Human brucellosis prevention and control strategies are targeted at reducing animal-to-human transmission and include livestock vaccination, test and slaughter of infected animals, and education of populations living in endemic regions for the disease to avoid unpasteurized dairy foods, cook meat thoroughly, and use precautions in high-risk occupations such as for farmers, veterinarians or laboratory workers [1114]. Due to budget constraints and competing interests, in order to justify allocation of resources to control the disease, it is essential to provide public health policy-makers economic evaluation of the alternative strategies. Similarly to other zoonoses, this economic evaluation requires integrating the agricultural and human aspects of the disease [15]. The economic impact on the agricultural sector refers to the direct cost of the control strategies as well as the decrease in livestock production. The economic impact from the human health perspective refers to the cost of diagnosis and treatment and the cost of earnings and productivity loss due to impaired functioning and absenteeism [1618].

The empirical research evaluating the diagnosis and treatment costs of the disease, i.e. healthcare utilization (HCU) of patients with human brucellosis is limited. Most of the evidence was based on Delphi expert opinion and population surveys [16, 19]. To the best of our knowledge, a single study examined the actual costs of hospitalizations before and after the implementation of brucellosis control program, yet only on an aggregate level [17]. The purpose of the current study was to examine annual HCU of patients with brucellosis before and after diagnosis and compared to healthy controls from the insurer perspective. Our single-payer setting enabled us to provide reliable and comprehensive measures of HCU data for a representative cohort of patients. The implementation of effective brucellosis control intervention necessitates comprehensive analysis of the burden of disease that is based on accurate and objective measures as provided in the current study.

Materials and Methods

Subjects

A case-control retrospective study was conducted among members of Clalit Health Services (CHS), the largest health maintenance organization (HMO) in Israel.

Brucellosis cases were defined as individuals that were diagnosed with brucellosis by positive blood culture and/or positive serology test (positive Rose-Bengal test followed by a standard agglutination test (SAT) titer ≥160), at the Clinical Microbiology Laboratory of Soroka University Medical Center (CML-SUMC) in the 2010–2012 period (n = 614).

Control subjects were CHS enrollees who were not diagnosed with brucellosis in the same period, and were randomly selected and matched 1:3 to the brucellosis cases by age, gender, clinic, and primary care physician (control group A). One hundred forty-four brucellosis cases were excluded from analyses due to inconsistent eligibility in the follow-up period and/or lack of matched control subjects. Hence, the final study population consisted of 470 brucellosis cases and 1410 controls. No significant differences were found between the final brucellosis cases that were included in the analyses (n = 470) and those who were excluded (n = 144) with regard to characteristics that are known to affect HCU, namely age (P = 0.060), gender (P = 0.659), % of Bedouins (P = 0.152), socioeconomic status (SES) (P = 0.068) and Charlson comorbidity index (CCI) (P = 0.112). Thus, the potential selection bias is minimized. The study was approved by Meir Medical Center Review Board- Helsinki Committee and SUMC Review Board- Helsinki Committee (#057/2013 and #0108-13SOR, respectively). Following these committees’ recommendation, written informed consent of study population was not required and patients’ information was anonymized and de-identified prior to analysis. Matching brucellosis cases to the control group A was designed to ensure similar patterns of HCU, but could lead to biases due to close family ties and related place of residency that characterizes the Bedouin society. These may increase the odds that undiagnosed human brucellosis could be prevalent among control subjects as well. In order to minimize this bias, brucellosis cases (n = 463) were matched to additional control subjects (control group B, n = 1389) who were not residents of the same neighborhoods and/or villages as those of the brucellosis cases. This control group was matched 1:3 to brucellosis cases by age, gender and ethnicity (Jewish/Bedouin).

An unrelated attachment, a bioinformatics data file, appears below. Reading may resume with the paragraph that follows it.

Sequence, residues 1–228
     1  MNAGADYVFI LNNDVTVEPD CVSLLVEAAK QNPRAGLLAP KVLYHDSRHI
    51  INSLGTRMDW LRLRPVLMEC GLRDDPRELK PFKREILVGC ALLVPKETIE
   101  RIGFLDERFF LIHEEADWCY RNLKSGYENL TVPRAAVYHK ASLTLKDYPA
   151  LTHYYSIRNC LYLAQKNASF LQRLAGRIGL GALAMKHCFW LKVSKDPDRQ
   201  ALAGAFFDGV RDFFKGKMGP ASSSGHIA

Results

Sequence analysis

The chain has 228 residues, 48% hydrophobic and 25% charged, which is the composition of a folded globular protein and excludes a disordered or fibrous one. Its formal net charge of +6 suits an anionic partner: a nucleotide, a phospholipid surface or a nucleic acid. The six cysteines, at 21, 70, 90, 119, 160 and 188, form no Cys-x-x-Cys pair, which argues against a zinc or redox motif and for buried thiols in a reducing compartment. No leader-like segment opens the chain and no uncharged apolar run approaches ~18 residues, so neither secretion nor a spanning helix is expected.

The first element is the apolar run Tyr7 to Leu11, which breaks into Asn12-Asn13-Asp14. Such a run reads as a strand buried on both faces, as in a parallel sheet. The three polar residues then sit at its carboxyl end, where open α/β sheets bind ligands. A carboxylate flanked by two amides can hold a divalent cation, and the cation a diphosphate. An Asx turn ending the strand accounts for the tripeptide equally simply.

Healthcare utilization

The month of diagnosis was defined as the index date. Information regarding HCU was obtained from CHS computerized medical databases for one year before the index date and one year following it (data for subjects in the control groups were extracted for a follow-up period identical to that of their matched brucellosis cases). HCU included: hospitalizations; diagnostic procedures including CT scans, ultrasounds and MRIs; medications (according to the WHO anatomical therapeutic chemical (ATC) classification system [20]; surgical procedures such as cardiac catheterization and heart or spinal column; visits to specialists; emergency room visits; outpatients visits; and laboratory tests. All costs were adjusted to 2013 prices and converted into USD ($) using an exchange rate of 3.6 Israeli Shekels per USD.

Additional measures

Additional measure included: demographic characteristics (age, gender, percentage of Bedouins); SES defined as: low (1), average (2), high (3) according to the primary care clinic address, and CCI [21].

Statistical analysis

Comparison between study and control groups’ age, SES, CCI and HCU (that were not normally distributed) was done using the Mann-Whitney U test. Comparison between groups’ proportions (e.g. gender) was done using Chi-square test. Comparison of annual HCU between years within each group was done using the Wilcoxon matched-pairs signed-ranks test. Data were analyzed using STATA software (version 11.0, StataCorp, College Station, TX, USA). P values <0.05 determined statistical significance in all analyses.

Results

Four hundred seventy brucellosis cases were included in the analysis (median age of 21.0 years, 62.6% male and 84.9% Bedouins). As expected no significant differences were found between brucellosis cases and control group A with regard to age, gender, percentage of Bedouins and SES (Table 1). In addition, no significant difference was found between groups with regard to CCI and both groups demonstrated low comorbidity burden (0.41 vs. 0.45, respectively, P = 0.391).